Paul Libin, the Broadway industry leader who for the past 24 years has served as president of Broadway Cares/Equity Fights AIDS, is stepping down from his role at the industry-based non-profit organization that has been vital to individuals with HIV/AIDS for three decades.
Libin made his retirement official at BC/EFA’s February 22 board of trustees meeting, where he was honored with a special $100,000 grant to The Actors Fund for the creation of the Paul Libin Center.
The Center will serve as the New York City home for The Actors Fund’s Looking Ahead program, which helps young professional performers and their families build the skills necessary to continue their careers into adulthood.
Libin will be succeeded by Shubert Organization co-CEO Robert E. Wankel, who has been a Broadway Cares trustee since 2009 and became executive vice president of the organization's executive committee in 2015.
“When I came on board with Broadway Cares/Equity Fights AIDS, the toll of the this horrific disease was visibly present and taking a terrible human toll every day in our community,” Libin said in a statement. “We couldn’t not do something. And while there’s been great advancement in treatment since, the need for help is as strong today as it was then. In response, Broadway Cares’ mission has expanded and embraced all members of our theatrical family and people in crisis and need across the country. To witness that growth and be involved with this organization for 24 years has been one of the greatest privileges and honors of my career.”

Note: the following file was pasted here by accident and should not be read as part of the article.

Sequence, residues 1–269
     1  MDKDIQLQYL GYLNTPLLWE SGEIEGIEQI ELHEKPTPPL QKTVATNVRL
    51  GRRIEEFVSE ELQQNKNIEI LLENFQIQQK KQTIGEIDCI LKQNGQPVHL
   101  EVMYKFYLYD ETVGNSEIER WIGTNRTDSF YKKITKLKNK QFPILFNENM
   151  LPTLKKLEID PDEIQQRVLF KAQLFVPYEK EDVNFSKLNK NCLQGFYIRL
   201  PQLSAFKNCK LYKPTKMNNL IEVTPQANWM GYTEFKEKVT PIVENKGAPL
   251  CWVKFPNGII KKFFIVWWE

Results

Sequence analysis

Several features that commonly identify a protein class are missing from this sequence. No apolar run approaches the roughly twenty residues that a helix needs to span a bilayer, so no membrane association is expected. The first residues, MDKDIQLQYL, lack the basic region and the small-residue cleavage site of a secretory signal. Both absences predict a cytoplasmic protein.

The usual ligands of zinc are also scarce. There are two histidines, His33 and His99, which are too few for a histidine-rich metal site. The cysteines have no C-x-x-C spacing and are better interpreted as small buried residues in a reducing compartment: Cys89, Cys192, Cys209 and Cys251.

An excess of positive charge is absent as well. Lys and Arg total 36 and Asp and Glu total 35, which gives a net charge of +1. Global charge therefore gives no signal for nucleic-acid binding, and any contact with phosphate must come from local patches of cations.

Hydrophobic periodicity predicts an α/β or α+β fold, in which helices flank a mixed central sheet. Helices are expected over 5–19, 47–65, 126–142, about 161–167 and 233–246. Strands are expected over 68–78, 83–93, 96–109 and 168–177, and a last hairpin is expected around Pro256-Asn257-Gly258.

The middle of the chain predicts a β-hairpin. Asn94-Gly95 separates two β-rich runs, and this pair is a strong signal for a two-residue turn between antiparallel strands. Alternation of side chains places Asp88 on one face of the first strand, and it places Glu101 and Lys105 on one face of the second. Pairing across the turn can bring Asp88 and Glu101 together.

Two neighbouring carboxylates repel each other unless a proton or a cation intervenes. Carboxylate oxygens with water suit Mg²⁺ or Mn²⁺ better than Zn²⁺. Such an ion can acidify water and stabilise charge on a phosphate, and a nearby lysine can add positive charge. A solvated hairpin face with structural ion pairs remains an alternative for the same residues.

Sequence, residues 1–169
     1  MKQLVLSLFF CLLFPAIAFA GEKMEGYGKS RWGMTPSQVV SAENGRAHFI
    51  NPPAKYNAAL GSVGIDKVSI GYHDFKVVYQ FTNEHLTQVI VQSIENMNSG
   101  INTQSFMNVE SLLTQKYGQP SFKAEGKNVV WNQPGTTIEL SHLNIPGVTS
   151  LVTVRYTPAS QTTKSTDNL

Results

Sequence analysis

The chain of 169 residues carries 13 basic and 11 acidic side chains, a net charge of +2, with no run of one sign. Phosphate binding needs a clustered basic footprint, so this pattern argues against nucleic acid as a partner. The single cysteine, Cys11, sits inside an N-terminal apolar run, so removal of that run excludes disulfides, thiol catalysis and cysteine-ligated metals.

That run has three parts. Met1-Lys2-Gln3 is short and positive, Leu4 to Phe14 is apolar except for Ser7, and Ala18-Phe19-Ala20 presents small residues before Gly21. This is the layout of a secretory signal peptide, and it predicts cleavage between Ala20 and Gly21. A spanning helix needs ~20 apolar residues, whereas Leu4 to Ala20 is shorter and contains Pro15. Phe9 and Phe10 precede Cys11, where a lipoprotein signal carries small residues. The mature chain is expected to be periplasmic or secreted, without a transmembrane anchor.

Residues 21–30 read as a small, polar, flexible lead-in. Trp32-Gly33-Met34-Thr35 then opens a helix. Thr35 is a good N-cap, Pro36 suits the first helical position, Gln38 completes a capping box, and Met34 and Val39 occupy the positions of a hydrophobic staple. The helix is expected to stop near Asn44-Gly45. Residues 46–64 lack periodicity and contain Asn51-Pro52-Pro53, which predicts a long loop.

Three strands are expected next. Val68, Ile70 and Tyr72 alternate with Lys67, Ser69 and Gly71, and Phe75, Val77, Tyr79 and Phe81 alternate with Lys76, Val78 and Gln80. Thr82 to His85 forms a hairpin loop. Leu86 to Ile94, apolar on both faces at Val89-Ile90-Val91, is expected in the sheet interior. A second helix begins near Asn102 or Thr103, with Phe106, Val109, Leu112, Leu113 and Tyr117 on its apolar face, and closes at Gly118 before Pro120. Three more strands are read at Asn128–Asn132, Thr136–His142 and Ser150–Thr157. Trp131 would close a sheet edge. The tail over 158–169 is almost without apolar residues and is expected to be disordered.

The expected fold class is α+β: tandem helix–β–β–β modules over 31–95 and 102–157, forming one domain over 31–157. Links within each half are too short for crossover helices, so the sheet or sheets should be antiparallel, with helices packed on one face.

Broadway Cares Executive Director Tom Viola added, “As Broadway Cares/Equity Fights AIDS’ longtime president, Paul has been an incomparable champion and advocate. He has offered his counsel, personal support and strategic guidance as both a leader in the Broadway community and a friend. I will be forever grateful for both. With Paul’s leadership, Broadway Cares grew from awarding grants of $2.4 million in 1994 to last year’s record-breaking $12.9 million of support. The lives of hundreds of thousands of men, women and children in ‘the business’ and in communities across the country have been lifted up and their well-being assured because when we asked for his help, Paul said, ‘Yes.’”
In December, Libin retired from his role as executive vice president of Jujamcyn Theaters, a position he held since 1990. While at Jujamcyn, Libin worked alongside Rocco Landesman to bring to landmark plays dealing with HIV/AIDS to Broadway, including Tony Kushner’s Pulitzer Prize-winning epic Angels in America, and Terrence McNally’s Love! Valour! Compassion!
Since 1988 BC/EFA has raised more than $300 million for essential services for people with HIV/AIDS and other critical illnesses across the U.S., awarding annual grants to more than 450 AIDS and family service organizations in all 50 states. The non-profit is the main financial supporter of Broadway industry social service programs at The Actors Fund, including the HIV/AIDS Initiative, the Phyllis Newman Women’s Health Initiative, and the Samuel J. Friedman Health Center for the Performing Arts.